Disclaimer: Glee belongs to Ryan Murphy and Fox, not me.


"Dad. Dad. Hold still, Dad."

"I can't. You're going to stick me with one of those pins."

Kurt rolled his eyes. "I'll only stick you if you move," he said. "Now hold still."

Burt sighed and did his best to obey. It was just a little hard to keep from shifting anxiously when he knew that his son had a pincushion, and he wasn't sure if he knew how to use it. "I don't see why you have to alter my shirt," he said. "It fits just fine."

"Fine works if you were wearing this ensemble for Sunday mass," Kurt said absently as he carefully pinned down the side of the shirt. "This is your wedding, Dad. You need to look perfect. Whether you like it or not."

Kurt pulled a straight pin out of the shirt and stuck it between his lips as he experimentally folded the fabric. "It's just a day, Kurt," Burt pointed out. "I mean, sure, I'm thrilled to be marrying Carole, but I don't need to have some sort of fancy monkey suit to make it special."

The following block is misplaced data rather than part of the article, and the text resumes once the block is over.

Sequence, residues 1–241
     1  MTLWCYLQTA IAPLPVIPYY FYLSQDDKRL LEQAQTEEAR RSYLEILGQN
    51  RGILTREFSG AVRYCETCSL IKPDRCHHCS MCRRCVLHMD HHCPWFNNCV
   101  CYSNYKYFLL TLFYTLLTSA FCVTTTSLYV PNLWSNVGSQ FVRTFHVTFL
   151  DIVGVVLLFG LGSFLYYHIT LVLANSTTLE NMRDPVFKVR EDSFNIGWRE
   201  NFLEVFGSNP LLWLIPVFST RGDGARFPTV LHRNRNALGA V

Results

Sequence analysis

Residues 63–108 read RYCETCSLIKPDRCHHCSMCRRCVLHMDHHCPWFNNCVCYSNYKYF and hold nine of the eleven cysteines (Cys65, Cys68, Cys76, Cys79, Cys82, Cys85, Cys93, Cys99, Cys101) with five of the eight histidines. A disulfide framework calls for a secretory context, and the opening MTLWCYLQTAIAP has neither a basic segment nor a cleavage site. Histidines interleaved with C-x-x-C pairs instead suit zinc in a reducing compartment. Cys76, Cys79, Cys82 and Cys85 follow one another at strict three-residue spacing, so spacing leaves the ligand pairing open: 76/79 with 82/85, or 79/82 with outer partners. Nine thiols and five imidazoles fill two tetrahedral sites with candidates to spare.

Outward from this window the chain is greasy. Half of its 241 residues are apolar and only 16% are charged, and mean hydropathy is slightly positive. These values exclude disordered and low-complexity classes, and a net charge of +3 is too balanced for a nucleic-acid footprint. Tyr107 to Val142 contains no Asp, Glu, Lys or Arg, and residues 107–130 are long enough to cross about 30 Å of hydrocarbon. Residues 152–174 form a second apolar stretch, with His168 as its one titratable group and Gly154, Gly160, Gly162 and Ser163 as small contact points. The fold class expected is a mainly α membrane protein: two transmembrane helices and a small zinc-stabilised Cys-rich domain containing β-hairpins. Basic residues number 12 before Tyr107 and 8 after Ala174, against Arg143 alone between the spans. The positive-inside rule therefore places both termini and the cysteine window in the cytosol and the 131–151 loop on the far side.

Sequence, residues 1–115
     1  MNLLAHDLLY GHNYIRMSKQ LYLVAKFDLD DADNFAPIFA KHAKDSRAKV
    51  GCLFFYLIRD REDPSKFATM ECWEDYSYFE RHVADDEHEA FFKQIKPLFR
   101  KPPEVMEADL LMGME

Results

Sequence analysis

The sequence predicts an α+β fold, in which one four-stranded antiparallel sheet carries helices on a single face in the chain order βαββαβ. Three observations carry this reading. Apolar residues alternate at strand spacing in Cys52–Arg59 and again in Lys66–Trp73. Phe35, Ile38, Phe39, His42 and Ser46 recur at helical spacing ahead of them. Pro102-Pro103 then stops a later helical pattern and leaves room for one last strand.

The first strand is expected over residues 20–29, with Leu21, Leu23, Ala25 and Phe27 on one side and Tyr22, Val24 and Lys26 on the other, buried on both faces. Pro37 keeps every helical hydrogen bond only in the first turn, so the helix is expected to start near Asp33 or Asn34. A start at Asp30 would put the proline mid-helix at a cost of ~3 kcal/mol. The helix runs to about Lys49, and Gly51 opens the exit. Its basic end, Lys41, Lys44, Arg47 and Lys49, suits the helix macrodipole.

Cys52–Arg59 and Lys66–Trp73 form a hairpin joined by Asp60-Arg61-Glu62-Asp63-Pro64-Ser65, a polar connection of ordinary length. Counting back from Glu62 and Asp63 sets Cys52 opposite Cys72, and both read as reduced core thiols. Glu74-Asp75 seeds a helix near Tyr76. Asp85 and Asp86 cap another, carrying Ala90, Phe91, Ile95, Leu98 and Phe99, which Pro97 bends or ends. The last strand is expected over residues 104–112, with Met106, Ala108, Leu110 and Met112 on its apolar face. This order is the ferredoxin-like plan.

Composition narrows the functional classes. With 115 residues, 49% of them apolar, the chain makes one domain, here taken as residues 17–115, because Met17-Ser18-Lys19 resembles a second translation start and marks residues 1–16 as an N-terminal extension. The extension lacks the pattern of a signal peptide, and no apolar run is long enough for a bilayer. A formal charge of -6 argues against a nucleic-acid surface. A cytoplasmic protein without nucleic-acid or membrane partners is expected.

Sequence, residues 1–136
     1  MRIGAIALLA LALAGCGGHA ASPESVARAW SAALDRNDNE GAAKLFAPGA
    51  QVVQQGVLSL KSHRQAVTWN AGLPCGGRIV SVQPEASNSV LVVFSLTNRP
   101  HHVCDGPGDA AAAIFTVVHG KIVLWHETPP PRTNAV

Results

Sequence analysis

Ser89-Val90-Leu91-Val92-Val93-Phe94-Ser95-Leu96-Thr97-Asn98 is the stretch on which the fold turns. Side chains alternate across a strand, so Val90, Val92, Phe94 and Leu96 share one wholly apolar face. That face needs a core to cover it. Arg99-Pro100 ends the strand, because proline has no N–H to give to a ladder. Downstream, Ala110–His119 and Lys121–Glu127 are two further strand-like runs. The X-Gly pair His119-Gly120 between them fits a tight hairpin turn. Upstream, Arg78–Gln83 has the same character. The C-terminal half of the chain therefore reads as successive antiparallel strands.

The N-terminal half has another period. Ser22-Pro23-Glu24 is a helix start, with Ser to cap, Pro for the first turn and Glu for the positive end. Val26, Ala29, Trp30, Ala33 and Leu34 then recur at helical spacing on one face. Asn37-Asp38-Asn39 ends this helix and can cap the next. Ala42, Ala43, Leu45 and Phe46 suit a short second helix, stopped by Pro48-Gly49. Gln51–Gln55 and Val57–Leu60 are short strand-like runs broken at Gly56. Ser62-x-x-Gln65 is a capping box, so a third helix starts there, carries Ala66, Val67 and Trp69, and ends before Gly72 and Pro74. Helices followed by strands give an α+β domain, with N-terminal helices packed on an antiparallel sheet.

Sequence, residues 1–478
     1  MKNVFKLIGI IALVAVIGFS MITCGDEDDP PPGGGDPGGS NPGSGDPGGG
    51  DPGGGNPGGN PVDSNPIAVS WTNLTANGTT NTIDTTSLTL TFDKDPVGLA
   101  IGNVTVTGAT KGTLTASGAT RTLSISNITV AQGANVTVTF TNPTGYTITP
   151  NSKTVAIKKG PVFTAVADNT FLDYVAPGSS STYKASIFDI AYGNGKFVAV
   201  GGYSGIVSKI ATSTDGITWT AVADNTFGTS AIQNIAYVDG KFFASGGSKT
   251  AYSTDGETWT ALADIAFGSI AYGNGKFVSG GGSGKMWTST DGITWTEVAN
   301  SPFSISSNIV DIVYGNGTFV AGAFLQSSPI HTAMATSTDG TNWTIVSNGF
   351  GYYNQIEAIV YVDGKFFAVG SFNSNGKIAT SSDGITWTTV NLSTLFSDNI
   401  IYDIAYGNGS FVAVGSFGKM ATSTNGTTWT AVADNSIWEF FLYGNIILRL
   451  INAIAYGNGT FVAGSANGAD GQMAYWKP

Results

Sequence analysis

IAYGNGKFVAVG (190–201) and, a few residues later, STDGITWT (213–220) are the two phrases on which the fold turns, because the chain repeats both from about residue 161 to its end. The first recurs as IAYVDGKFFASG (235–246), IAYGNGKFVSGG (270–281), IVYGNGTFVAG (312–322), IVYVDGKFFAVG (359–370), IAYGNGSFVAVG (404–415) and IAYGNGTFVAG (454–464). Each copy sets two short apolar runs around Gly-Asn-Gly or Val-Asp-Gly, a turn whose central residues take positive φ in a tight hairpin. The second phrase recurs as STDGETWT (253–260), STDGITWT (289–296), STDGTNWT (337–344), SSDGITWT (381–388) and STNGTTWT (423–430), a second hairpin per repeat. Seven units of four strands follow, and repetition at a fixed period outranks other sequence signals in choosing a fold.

Kurt pulled the pin from his lips and stuck it through the fabric. "You deserve a nice wedding," he said. "You didn't get a real wedding when you married Mom, so you should have one now."

Burt studied their reflections thoughtfully as Kurt continued to fuss over him. "I still wish I could have given her a real wedding," he said. "Of all people, she deserved it. I told her we could wait, but she didn't want to. She told me she'd rather have a shotgun wedding at the courthouse right then than a fancy wedding later."

"She was also four months pregnant," Kurt pointed out. "If you had only checked those condoms before you went on that camping trip…"

"Then we wouldn't have gotten you," Burt reminded him. "And besides, if she hadn't gotten pregnant with you, then maybe I wouldn't have had the chance to marry her before…"

His voice trailed off. While he and his son often reminisced about Mollie, they rarely mentioned the long illness that slowly drained her life away. Eight years could smooth over many wounds, but some injuries were just too deep to heal. Kurt kept his eyes down, busying himself with the straight pins. "You know that marrying Carole doesn't change how much I loved your mom," Burt said quietly.